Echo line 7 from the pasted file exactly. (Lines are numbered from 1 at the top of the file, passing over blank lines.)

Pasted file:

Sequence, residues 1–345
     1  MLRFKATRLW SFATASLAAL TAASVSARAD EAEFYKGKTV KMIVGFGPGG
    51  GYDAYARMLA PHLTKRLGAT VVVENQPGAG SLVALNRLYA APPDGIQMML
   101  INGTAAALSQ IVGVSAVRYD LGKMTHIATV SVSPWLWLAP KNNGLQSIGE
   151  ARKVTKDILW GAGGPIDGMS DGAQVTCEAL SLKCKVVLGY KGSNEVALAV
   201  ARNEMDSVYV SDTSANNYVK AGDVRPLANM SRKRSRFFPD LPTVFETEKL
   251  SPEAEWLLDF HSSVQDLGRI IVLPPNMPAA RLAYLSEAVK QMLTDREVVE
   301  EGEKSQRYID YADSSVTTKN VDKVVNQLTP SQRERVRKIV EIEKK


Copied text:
   251  SPEAEWLLDF HSSVQDLGRI IVLPPNMPAA RLAYLSEAVK QMLTDREVVE